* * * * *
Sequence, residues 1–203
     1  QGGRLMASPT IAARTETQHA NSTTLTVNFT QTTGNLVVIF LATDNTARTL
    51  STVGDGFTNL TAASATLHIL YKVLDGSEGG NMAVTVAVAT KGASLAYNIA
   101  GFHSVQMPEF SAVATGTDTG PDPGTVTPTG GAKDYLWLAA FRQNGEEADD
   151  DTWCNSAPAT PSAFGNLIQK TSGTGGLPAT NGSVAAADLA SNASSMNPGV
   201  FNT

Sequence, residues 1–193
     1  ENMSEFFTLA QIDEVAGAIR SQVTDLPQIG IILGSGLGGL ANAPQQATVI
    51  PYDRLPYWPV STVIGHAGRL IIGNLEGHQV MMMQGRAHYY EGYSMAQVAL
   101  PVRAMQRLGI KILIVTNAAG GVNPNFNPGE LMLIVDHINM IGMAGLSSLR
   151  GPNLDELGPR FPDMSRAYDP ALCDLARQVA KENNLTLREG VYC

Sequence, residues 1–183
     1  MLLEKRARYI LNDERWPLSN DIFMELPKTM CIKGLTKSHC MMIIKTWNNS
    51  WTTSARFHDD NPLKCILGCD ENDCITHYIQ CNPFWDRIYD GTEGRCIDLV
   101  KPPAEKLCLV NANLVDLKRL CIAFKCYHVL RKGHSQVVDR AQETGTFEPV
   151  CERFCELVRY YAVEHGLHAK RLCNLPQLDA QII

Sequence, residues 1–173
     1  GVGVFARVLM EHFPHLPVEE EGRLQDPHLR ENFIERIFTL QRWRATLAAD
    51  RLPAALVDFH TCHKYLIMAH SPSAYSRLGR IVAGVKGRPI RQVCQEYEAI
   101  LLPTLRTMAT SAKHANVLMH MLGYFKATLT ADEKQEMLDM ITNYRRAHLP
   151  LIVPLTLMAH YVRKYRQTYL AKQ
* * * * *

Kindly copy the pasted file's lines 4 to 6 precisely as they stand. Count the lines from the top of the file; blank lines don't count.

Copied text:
   101  GFHSVQMPEF SAVATGTDTG PDPGTVTPTG GAKDYLWLAA FRQNGEEADD
   151  DTWCNSAPAT PSAFGNLIQK TSGTGGLPAT NGSVAAADLA SNASSMNPGV
   201  FNT